Structured Reinsurance: A Renaissance?
Corporate insurance buying strategies are changing. Maybe it has taken the challenges being encountered in the continued hard market to finally shake things up. Buyers are getting frustrated, hemmed in by the need to demonstrate value whilst having to operate to tight budgets with lean resources, yet confronted by an insurance market in retreat and a frustratingly inefficient annual renewal process.
In desperation many companies are having to choose between paying more, buying less or running a broker tender to put a squeeze on costs. None of these are really smart plays. But there is a fourth option.
Captives’ principal function as an aggregator, transformer and seller of insurable risk is often overlooked. How many captives participate in all their key insurance programmes, setting retentions intelligently in light of their modelled risk profile and market pricing? How many buyers fully leverage their risk diversification and corporate risk appetite, and enhance that leverage by reinsuring the unwanted portfolio volatility on a long-term, fixed cost basis?
Captive-centricity and structured reinsurance, when deployed collectively to their fullest potential, can unlock huge economic and operational benefits, and can transform corporate insurance buying. So why do so few companies adopt this approach?
Maybe the business models of the larger brokers – commission driven and consulting projects sold separately – are at odds with developing long-term, sophisticated risk financing strategies for their corporate clients that would mean less dependence on the cyclical, monoline insurance market.
Bridging the gap
The most efficient model is to set retentions at that point at which market pricing starts to look good value, where insurers’ high expense cost is more than absorbed by the efficiency of large-but-remote losses being subsumed into a very large global portfolio of similar risks.
But these levels of retention might well be beyond the corporation’s appetite, and very likely well beyond that of individual subsidiaries. Captives can certainly be used to bridge the gap between business unit and corporate risk appetite; but structured reinsurance makes this much easier by ‘stretching’ the captive’s bridging potential.
If you could bring together all the insurable risk of a global business, and exchange the aggregate unwanted financial volatility from that risk portfolio with a reliable, creditworthy counterparty for a known, fixed cost then it is possible to move from being a buyer of insurance towards becoming a seller of risk.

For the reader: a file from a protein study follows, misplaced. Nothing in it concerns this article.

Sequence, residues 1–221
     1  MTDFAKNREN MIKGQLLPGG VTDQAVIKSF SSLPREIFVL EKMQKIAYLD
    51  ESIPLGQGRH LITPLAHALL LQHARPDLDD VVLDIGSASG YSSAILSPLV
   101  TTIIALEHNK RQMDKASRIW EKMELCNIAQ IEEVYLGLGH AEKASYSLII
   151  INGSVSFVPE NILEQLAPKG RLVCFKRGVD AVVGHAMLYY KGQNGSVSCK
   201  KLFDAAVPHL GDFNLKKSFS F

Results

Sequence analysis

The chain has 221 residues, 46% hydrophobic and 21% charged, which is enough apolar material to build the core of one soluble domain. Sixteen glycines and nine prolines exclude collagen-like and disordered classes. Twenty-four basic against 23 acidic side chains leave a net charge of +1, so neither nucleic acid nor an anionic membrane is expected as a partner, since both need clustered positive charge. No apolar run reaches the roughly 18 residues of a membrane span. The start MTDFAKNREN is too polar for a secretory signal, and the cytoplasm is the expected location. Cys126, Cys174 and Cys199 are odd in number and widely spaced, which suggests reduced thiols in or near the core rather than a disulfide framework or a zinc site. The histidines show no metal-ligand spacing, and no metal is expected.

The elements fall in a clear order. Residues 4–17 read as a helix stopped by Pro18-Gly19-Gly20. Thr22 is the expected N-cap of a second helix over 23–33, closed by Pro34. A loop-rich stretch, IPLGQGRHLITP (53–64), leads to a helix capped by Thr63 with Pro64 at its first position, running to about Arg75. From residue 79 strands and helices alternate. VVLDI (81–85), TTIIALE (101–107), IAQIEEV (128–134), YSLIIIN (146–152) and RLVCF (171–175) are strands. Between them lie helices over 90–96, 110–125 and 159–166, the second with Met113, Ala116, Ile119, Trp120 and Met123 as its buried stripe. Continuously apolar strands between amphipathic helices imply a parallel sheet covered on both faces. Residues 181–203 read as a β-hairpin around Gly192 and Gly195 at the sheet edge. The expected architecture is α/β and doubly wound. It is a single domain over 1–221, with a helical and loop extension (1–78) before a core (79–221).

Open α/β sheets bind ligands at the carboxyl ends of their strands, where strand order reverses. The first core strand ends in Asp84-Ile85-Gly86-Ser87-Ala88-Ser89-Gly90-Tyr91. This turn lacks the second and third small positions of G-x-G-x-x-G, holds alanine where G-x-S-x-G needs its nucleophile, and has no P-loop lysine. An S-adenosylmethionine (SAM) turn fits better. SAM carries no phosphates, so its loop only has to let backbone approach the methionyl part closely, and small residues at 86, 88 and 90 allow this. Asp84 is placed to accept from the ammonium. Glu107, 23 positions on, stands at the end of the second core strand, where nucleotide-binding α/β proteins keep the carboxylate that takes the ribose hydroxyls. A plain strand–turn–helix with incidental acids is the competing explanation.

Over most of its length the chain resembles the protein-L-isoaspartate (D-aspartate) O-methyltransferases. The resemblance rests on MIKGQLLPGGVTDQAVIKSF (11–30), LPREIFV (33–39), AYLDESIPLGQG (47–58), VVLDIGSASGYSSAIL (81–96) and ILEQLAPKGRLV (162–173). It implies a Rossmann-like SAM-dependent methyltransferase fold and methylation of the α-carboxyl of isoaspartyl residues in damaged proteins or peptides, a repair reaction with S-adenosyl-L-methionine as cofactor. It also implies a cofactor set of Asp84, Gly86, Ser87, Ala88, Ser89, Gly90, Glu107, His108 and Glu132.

What is Structured Reinsurance?
When used to support this strategy structured reinsurance consists of a multi-year, multi-line programme negotiated on pre-agreed terms, providing each loss and potentially annual aggregate protection. There is a significant element of risk-sharing which rewards good claims experience.
The core value proposition of structured reinsurance is that it will, in pretty much any circumstance and for pretty much any large client, reduce the cost of insurance over the medium-term, and ideally in the short-term too, without exposing the company (or its captive) to unwanted levels of risk. How? By recapturing three elements of the cost of traditional insurance.
Firstly, the external insurance system is very expensive to run compared to captives. Typically, primary or first excess layers are best suited for a captive – high premiums, low volatility. This is how most captives are used and captures the first cost element, but often only in respect of two or three lines of business. Structured reinsurance facilitates greater captive participation – higher retentions and a broader range of risks.
Secondly, there is hidden value in a diversified portfolio of uncorrelated risks. Ordinarily this value is given away to the market through buying several separate classes of insurance (their ‘products’) from a wide variety of insurers every 365 days. What is at stake here is the difference between the aggregate volatility of individual risk types and the volatility of the portfolio.
Thirdly, structured reinsurance has an aggregate limit across the whole contract, which should be sufficient except in the most unlikely scenario of a huge shift in frequency of medium-to-large losses occurs. You are effectively buying much less overall insurance limit than in the siloed model. And if the limit runs out there is always the opportunity to extend the programme.
A Lost Art Rediscovered?
Beyond the significant economic win, structured reinsurance provides a vast array of other advantages – additional capacity; expandable and extendible; speedy claims payments; inclusion of difficult-to-insure risks; absorption of significant acquisitions cost-effectively. Their flexibility is almost unlimited.
It might seem like a hard market option, but those companies that incepted programmes during the soft market still enjoyed huge economic and other benefits, which of course are being magnified now in terms of cost savings, coverage preservation and budgetary stability.
Although structured reinsurance has been around for decades, broker expertise and reinsurance underwriting capability largely disappeared during the recent prolonged soft market. Given current interest levels, is it any surprise that brokers and reinsurers are now trying to rebuild these skills? Perhaps we are about to see a resurgence of this lost art.